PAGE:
|Publication number||US7575579 B2|
|Application number||US 11/009,625|
|Publication date||Aug 18, 2009|
|Filing date||Nov 18, 2004|
|Priority date||Nov 18, 2004|
|Also published as||US20060106399, WO2006055617A2, WO2006055617A3|
|Publication number||009625, 11009625, US 7575579 B2, US 7575579B2, US-B2-7575579, US7575579 B2, US7575579B2|
|Inventors||John Stanley Taras, Dennis L. Steffen|
|Original Assignee||Union Surgical, Llc|
|Export Citation||BiBTeX, EndNote, RefMan|
|Patent Citations (51), Referenced by (2), Classifications (12), Legal Events (2)|
|External Links: USPTO, USPTO Assignment, Espacenet|
1. Field of the Invention
This invention relates broadly to surgical devices. More particularly, this invention relates to orthopedic instruments, such as those used to guide pins into bone.
2. State of the Art
Numerous drill guides are known for guiding drill bits into bone. Generally a drill guide is interposed between the bone and the drill, with the guide defining a directed path along a trajectory at which the hole is to be drilled into the bone. The path is typically defined by a cannulated tube or predrilled metal block. If the hole is drilled into the bone percutaneously, the guide preferably includes a tissue protector portion which is forced through the skin and seats against the bone to create a path through which the drill bit and skin are not in contact so as not to cause destruction of the surrounding dermal tissue. If it is required to drill deeper than permitted by the interposed guide, the drill bit needs to be withdrawn from the bone and the guide, the guide is then removed, and the bit is reinserted into the partially drilled hole and the hole is drilled further. After the hole is drilled, the appropriate fixator, e.g., pin, rod, or screw, is inserted into the hole.
A drill guide is used in substantially the same way when a fixation device is self-drilling and no drill bit is used. A guide with tissue protector is provided in the correct location and orientation. The fixation device is drilled through the guide into the bone. Once the device is partially inserted along the correct trajectory the guide needs to be removed from over the fixation device to permit the fixation device to fully seated. This is typically done by releasing the fixation device from the drill, removing the guide from over the fixation device, and then reattaching the drill to drive the fixation device until fully seated in bone.
In both situations, the step of drilling or device insertion is interrupted by guide removal, complicating and extending the procedure.
It is therefore an object of the invention to provide a drill guide which can be removed from over the element it is guiding without removing the element from the drill or the bone.
It is another object of the invention to provide a drill guide which can be removed quickly and easily.
It is a further object of the invention to provide a drill guide which has a tissue protector.
It is also an object of the invention to provide a drill guide which is easy to hold by the user.
It is an additional object of the invention to provide guide adapted to be used with a depth gauge which indicates a preferred length of pin to be inserted into bone.
In accord with these objects, a system is provided which includes a drill guide having two arms rotatable relative to each other about a hinge. Each arm includes a split, preferably semi-cylindrical portion of a guide. When the arms are in a closed configuration, the split portions come together to form a tubular guide with an extending tissue protector. The distal end of the tissue protector is preferably serrated to positively engage the bone. Because the arms can be opened and closed about the hinge, the guide can be split and removed from over a drill bit or pin without first removing the drill bit from the bone or the drill from the drill bit or pin. Each arm also includes at least one semicircular form which when the arms are closed defines one or more gauge wire holes parallel to the guide which are sized to closely receive a gauge wire. A handle portion is attached to each of the arms to facilitate rotation of the arms between open and closed position. A catch may be provided to releasably lock the handles in the closed position.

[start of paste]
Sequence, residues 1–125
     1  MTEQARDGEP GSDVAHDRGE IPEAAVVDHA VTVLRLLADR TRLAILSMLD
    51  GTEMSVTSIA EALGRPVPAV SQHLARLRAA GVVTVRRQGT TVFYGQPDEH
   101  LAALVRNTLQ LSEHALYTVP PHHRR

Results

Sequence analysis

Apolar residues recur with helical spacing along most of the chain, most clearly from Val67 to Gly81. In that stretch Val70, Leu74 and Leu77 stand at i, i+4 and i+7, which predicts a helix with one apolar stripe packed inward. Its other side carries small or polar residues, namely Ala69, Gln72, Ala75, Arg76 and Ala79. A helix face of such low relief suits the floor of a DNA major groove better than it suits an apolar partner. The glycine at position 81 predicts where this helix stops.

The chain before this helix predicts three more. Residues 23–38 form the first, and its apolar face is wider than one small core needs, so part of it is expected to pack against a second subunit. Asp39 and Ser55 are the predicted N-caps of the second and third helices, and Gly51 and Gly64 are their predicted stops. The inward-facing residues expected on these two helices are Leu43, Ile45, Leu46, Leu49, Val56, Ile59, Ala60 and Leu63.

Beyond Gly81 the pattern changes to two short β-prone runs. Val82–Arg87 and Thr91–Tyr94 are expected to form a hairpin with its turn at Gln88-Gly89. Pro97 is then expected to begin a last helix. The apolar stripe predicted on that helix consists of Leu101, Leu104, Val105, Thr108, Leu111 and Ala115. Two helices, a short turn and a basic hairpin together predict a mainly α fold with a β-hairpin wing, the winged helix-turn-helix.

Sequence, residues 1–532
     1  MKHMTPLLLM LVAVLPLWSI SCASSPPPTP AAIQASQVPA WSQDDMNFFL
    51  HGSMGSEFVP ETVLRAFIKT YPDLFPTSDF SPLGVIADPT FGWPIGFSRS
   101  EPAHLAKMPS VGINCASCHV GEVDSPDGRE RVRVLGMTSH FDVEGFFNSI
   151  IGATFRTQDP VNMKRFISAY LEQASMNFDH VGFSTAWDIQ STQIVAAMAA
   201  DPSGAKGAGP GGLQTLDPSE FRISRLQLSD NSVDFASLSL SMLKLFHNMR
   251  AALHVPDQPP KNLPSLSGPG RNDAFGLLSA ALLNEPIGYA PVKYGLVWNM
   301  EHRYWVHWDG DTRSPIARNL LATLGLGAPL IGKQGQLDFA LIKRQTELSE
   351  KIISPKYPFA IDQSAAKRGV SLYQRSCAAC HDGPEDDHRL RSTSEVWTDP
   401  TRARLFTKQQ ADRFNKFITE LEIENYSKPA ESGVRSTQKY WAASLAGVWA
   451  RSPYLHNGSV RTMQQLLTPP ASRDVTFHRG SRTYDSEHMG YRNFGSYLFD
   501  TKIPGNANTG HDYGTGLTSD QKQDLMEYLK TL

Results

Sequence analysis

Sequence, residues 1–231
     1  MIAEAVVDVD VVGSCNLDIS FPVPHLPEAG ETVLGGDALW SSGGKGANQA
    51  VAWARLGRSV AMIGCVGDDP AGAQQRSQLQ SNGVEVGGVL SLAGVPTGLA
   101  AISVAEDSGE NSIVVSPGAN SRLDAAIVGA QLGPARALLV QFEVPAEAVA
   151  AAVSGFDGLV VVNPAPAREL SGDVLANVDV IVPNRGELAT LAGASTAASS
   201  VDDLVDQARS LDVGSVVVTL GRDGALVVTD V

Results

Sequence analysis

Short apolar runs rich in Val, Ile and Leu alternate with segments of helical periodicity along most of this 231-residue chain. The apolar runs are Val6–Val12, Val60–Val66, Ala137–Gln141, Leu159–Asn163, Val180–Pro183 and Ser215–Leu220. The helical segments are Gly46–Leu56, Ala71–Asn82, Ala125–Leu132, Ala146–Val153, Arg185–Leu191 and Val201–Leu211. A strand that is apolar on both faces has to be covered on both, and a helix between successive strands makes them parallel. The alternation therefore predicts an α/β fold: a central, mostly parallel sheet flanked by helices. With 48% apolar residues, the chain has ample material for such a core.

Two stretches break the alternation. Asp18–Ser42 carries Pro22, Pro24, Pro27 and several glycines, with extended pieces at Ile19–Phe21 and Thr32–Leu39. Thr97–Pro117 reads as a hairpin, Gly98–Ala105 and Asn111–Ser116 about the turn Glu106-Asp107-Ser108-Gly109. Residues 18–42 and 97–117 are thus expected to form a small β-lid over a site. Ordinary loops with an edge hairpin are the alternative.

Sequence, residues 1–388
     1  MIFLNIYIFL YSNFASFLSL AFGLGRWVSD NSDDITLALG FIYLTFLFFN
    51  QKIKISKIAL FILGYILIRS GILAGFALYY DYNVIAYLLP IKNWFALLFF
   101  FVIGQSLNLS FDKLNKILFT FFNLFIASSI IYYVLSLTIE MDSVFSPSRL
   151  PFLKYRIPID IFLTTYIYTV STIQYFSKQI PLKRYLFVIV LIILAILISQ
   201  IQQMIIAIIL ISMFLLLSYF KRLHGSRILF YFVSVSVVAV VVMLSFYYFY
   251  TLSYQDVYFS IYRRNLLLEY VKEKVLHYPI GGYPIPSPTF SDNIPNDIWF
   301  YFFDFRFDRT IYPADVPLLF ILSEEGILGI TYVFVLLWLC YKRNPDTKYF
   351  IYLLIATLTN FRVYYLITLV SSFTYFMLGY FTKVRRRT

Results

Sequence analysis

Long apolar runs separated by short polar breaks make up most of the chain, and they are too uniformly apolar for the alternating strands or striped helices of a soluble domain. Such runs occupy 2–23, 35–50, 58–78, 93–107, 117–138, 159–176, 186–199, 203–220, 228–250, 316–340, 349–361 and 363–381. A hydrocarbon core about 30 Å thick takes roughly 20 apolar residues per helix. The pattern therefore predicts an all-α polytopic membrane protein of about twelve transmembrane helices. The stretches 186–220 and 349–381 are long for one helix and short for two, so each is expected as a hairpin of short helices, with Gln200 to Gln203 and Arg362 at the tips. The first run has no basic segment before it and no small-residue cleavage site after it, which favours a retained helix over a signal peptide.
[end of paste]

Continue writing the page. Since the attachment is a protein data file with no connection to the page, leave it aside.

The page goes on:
The system also includes a gauge wire provided with depth indicia along its length which is used to indicate the length of a fixation device for use in a procedure in accord with the method.
In accord with a preferred method, a gauge wire is first drilled into bone adjacent the location intended for the fixation device and observed under fluoroscopy. Based upon fluoroscopic examination, if the location of the wire needs to be moved, the wire can be re-drilled without imparting serious tissue damage. Once the location of the wire is determined to be appropriate, its depth is adjusted in accord with the intended depth of the pin. With the guide in a closed configuration, the guide is fed over the gauge wire at a gauge wire hole and down the wire until the tissue protector portion enters the skin and engages the bone.
As a result of a parallel relationship between the gauge wire hole and the tubular guide, the gauge wire holds the tubular guide in the same trajectory as the gauge wire. In addition, as a result of the proximity between the gauge wire hole and tubular guide, a suitable anatomical location of the gauge wire observed under fluoroscopy infers a suitable anatomical location of the fixation device. The depth indicia on the gauge wire level with the top surface of the arms of the guide is read to determine the proper length for a fixation device for the procedure.
Once the length of the fixation device is determined, the fixation device is coupled to a drill and inserted through the closed tubular guide to the bone surface and driven. Once the fixation device is partially driven, the guide can be opened to release the pin without removing the fixation device from either the bone or the drill.
It is appreciated that at no time during the procedure is insertion of the fixation device interrupted in a manner which requires removal of a partially inserted fixation device or disengagement of the drill from the fixation device prior to inserting the fixation device into the bone the fully desired distance. Thus, the procedure is facilitated and shortened.
Additional objects and advantages of the invention will become apparent to those skilled in the art upon reference to the detailed description taken in conjunction with the provided figures.
Turning now to